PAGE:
From car park misery, can Tiger Woods reignite Firestone flame?
Woods is the master in Akron with eight wins but it was also a scene of despair
Tiger Woods injures his back as he hits out of the rough on the second hole during the final round of the World Golf Championships-Bridgestone Invitational at Firestone Country Club in 2014. Photo: Gregory Shamus/Getty Images
The image is etched in my memory, although it is probably even greater in Tiger Woods’. It was in August of 2014 that he suffered a back spasm during the final round of the WGC-Bridgestone Invitational that saw him leave the course and arrive into the players’ car park at Firestone Country Club.
“(I) just want to get out of here,” whispered Woods, in obvious pain. He was leaning against an SUV, attempting to change from his golf shoes into sneakers and the last thing in the world he wanted was to explain himself to a posse of golf writers who had abandoned what was going on out on the golf course for possibly an even bigger story.
Woods’ misery – he’d jarred his back when falling back into a bunker on the second hole after playing a shot – was to prove rather more long-term as he would undergo numerous surgical interventions for the back injury, the latest of which, spinal fusion, would appear to be successful.
The only thing missing since his return to competition is a victory. And, for good reason, it would be rather fitting if Woods were to tick that box at Akron this week in the WGC-Bridgestone Invitational, the last of its kind to be held on the course. From next year, the tournament will move to Tennessee where it will be rebranded as the WGC-St Jude Invitational.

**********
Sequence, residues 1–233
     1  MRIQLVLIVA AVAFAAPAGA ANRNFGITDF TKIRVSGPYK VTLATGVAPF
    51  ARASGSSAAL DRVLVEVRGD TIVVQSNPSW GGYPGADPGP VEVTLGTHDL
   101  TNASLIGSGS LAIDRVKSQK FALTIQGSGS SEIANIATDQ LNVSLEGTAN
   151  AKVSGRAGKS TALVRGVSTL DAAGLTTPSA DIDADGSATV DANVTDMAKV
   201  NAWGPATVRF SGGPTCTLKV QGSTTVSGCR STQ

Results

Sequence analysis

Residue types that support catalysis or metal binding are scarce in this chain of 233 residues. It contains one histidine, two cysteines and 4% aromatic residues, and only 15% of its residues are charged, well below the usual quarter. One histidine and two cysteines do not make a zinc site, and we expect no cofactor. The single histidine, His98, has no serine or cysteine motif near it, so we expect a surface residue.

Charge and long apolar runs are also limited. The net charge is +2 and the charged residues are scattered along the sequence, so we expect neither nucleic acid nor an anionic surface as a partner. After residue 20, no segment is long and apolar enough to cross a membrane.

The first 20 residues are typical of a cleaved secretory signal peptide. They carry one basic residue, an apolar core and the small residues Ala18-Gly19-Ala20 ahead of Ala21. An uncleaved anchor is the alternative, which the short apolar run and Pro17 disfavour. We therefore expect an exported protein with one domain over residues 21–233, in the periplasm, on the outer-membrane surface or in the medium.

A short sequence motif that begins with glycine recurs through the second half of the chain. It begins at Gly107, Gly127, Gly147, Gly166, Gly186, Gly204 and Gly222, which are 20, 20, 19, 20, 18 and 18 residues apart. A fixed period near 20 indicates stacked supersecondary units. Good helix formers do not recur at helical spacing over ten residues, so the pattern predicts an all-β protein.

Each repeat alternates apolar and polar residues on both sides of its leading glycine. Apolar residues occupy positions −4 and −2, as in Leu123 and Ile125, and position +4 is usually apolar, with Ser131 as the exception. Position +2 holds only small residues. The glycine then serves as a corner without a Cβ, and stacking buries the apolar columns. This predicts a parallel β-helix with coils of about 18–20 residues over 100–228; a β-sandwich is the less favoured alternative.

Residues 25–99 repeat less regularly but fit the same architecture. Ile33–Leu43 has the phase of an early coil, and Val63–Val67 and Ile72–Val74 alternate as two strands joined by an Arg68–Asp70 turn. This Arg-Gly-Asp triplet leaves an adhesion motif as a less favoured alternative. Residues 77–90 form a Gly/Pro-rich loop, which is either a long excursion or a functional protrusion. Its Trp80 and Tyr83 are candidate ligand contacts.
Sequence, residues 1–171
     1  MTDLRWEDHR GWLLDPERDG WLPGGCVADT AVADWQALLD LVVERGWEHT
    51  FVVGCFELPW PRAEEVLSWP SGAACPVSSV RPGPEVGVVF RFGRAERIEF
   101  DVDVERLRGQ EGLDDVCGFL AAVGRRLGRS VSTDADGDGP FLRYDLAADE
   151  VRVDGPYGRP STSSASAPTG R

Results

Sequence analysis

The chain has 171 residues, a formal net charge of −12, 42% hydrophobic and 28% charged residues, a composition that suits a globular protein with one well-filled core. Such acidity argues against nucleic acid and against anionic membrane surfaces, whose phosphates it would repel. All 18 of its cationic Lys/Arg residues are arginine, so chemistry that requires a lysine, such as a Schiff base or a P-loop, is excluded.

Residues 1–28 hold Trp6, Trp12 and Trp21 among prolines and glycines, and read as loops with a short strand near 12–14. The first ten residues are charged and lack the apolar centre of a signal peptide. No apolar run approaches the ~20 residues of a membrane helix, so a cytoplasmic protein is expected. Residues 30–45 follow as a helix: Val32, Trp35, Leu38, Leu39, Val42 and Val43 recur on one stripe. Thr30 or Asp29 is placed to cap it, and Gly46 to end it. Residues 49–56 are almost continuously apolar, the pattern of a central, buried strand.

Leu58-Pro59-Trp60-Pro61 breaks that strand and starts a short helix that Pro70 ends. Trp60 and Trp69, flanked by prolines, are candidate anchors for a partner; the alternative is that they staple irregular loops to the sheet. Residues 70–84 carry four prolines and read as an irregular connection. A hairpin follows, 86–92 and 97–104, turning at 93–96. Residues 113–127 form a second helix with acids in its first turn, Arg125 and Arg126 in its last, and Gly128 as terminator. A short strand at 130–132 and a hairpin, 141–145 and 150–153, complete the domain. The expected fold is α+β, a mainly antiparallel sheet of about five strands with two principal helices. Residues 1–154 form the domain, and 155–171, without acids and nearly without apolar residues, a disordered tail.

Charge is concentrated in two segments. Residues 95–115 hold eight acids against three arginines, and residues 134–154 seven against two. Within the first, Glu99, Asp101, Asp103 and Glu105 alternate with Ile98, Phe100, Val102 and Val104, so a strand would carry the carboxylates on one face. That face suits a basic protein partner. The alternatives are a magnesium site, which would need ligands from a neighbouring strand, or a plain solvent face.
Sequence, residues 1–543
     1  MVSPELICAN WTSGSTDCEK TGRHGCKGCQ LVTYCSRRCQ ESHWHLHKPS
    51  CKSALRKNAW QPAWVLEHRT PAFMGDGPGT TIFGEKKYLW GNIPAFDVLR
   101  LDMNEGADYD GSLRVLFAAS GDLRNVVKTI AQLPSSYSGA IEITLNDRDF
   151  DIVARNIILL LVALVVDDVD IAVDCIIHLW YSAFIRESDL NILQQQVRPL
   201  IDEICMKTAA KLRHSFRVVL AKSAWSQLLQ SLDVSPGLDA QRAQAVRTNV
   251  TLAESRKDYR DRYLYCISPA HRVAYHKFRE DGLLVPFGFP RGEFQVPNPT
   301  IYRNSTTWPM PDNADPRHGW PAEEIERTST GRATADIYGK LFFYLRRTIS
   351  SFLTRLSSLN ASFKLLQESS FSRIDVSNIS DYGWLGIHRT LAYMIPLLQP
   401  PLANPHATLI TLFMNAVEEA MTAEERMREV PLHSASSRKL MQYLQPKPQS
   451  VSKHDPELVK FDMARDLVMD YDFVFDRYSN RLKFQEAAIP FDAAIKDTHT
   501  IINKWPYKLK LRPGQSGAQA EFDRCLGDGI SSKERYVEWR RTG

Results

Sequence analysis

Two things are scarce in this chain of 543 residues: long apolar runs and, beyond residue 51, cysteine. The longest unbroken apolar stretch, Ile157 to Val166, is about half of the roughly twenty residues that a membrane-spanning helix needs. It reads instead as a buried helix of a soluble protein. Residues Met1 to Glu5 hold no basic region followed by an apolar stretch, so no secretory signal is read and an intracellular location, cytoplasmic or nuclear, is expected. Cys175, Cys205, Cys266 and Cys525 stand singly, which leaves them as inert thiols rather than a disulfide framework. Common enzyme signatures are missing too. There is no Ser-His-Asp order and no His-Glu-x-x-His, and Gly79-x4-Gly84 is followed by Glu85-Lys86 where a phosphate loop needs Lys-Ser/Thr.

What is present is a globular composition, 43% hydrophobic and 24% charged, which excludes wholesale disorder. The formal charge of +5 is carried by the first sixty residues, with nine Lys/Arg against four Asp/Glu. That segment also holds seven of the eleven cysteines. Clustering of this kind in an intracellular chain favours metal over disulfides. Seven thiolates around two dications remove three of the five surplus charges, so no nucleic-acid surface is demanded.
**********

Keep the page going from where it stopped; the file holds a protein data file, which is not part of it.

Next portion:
Whatever about its reincarnation in a year’s time, it is fair to say that its association with Firestone Country Club has mainly revolved around one man: Woods! And if that image of him struggling to change shoes in the car park, and the feeling we were intruding on his discomfort, is part of a bigger story in the player’s painful struggle with a back injury that at one time seemed to have finished his career, there is also no doubt that Woods enjoyed more good times than bad at the tournament.
When it first burst onto the schedule as a WGC in 1999, sponsored by NEC, it was Woods who lifted the title. In successfully defending the title in 2000, Woods had a remarkable 11 strokes to spare over the runners-up, Justin Leonard and Phillip Price. In 2001, he made it a three-peat, winning for a third straight year.
In fact, Woods’s record in the tournament is remarkable even by his standards. He won for a fourth time in 2005 and, when it changed title sponsorship to Bridgestone in 2006, he reclaimed the title and then completed another three-peat in 2007. In all, he has won the event eight times, most recently in 2013.
This is Woods’s first time back at the Bridgestone since he was forced to withdraw in such pain in 2014. He only got into the field by the skin of his teeth, edging into 50th position on the official world rankings after the British Open. Is there some symmetry here? Fate, even? Wouldn’t it be something if, in its final time at Firestone, Woods were to rediscover the art of winning again?